Under these rules, the prosecution is not allowed to slime a defendant with evidence of unrelated bad things he’s done in the past. But if the defendant himself takes the stand and introduces the issue of his own good character, then it’s game on. The prosecution can now introduce evidence of bad character.
Sound confusing? It is. It’s confusing to lawyers. Defendants testifying in their own criminal trial, with no legal training and spiking adrenaline levels, cannot possibly expect to navigate these rules without endangering themselves — even when they are famous performers used to memorizing lines. (This was the scenario that played out when actor Amber Heard mentioned ex-husband Johnny Depp’s former girlfriend Kate Moss in his defamation case against her, which his attorneys then pounced on.)
And the door-opening rule wouldn’t have applied just to Masterson but any witness the defense calls. That’s why it’s risky for a defendant to present evidence at all. Defendants frequently rest without calling any witnesses.
Defendants testifying in their own criminal trial, with no legal training and spiking adrenaline levels, cannot possibly expect to navigate these rules without endangering themselves.
If the defendant is trying to prove an alternate theory of the alleged crime, like “some other dude did it” (often called SODDI among criminal defense attorneys), then the defendant may have to call witnesses. That didn’t appear to be Masterson’s strategy, however. His strategy seemed to be simpler, and far more common: “They are lying.” If this is the defense’s battle plan, then it was probably safer to use their closing argument to point to inconsistencies in the state’s case, like an accuser’s lack of credibility or gaps in memory.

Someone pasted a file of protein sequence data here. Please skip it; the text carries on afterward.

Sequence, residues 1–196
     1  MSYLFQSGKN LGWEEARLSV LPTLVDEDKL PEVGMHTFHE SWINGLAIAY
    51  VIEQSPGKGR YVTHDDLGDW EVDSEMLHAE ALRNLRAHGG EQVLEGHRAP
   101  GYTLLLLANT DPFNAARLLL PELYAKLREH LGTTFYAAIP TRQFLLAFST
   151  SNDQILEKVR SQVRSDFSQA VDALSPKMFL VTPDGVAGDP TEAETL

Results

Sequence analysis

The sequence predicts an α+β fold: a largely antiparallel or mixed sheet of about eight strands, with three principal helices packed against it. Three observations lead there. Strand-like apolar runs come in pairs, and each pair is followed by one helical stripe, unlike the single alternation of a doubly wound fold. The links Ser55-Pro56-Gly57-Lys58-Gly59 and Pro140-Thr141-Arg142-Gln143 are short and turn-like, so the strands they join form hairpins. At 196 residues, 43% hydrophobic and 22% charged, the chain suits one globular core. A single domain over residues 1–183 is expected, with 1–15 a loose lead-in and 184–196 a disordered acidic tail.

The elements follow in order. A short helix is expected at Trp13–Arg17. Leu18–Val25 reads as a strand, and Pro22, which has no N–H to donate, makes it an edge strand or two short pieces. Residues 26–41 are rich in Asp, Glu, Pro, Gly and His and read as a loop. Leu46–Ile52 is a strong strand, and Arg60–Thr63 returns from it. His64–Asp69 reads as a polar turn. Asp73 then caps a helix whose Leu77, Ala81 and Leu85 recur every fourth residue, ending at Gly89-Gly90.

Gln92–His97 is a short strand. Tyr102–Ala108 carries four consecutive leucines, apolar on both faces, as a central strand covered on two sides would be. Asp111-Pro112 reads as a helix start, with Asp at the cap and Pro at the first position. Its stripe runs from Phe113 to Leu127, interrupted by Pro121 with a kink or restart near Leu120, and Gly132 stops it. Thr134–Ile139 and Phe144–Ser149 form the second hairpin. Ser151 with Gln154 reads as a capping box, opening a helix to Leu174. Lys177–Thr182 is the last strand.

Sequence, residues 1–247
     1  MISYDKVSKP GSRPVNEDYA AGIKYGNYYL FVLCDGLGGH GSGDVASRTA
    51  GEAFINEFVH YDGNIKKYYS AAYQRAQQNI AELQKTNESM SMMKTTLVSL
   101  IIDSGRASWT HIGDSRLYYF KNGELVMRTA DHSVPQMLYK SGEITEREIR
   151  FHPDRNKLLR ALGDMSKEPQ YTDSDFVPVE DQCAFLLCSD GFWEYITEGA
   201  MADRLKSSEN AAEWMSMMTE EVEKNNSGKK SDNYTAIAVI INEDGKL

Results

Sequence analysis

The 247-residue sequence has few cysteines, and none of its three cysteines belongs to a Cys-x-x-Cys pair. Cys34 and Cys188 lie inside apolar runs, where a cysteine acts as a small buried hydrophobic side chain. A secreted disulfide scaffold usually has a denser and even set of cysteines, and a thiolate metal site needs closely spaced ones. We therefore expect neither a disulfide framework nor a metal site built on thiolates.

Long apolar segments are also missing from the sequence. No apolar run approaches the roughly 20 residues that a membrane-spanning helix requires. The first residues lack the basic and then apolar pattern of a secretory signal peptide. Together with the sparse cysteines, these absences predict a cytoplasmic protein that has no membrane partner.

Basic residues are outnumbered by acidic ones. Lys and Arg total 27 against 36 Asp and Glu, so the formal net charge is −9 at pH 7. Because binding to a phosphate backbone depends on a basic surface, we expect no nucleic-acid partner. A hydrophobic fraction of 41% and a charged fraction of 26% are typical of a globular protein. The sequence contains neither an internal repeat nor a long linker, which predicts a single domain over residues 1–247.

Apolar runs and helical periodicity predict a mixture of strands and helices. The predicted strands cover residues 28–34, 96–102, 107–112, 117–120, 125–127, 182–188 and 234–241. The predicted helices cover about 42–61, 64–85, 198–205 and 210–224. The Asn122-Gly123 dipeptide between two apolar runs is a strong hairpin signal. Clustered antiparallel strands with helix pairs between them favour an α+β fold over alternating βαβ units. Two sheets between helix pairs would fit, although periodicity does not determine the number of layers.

And even if the accuser’s testimony is mostly believable, that doesn’t mean it will be sufficient to convict someone. If the evidence suggests the defendant was probably guilty, well, “probably guilty” is not “guilty.” In fact, probable guilt is “not guilty,” since by definition it’s not guilt beyond a reasonable doubt. An assessment of probable guilt at the close of the prosecution’s case is “winning” for the defense.
If the defense then starts calling witnesses and things go poorly, a defendant can lose a case he’d been winning. And if the defendant testifies and the jury disbelieves even one thing he says, it’s probably over.
Ultimately, defense attorneys like me are mostly risk averse. No one wants to be a cautionary tale — the defense team that was winning when the prosecution ended its case but lost because of the witnesses they then called.
Because the first trial has now ended in a hung jury, the defense may rethink their original strategy. That the jury deadlocked at all means that it was at least a close call. But it also means there were some votes for a guilty verdict. That means the safer course could be to again decline to put on a defense. A hung jury is better than a conviction.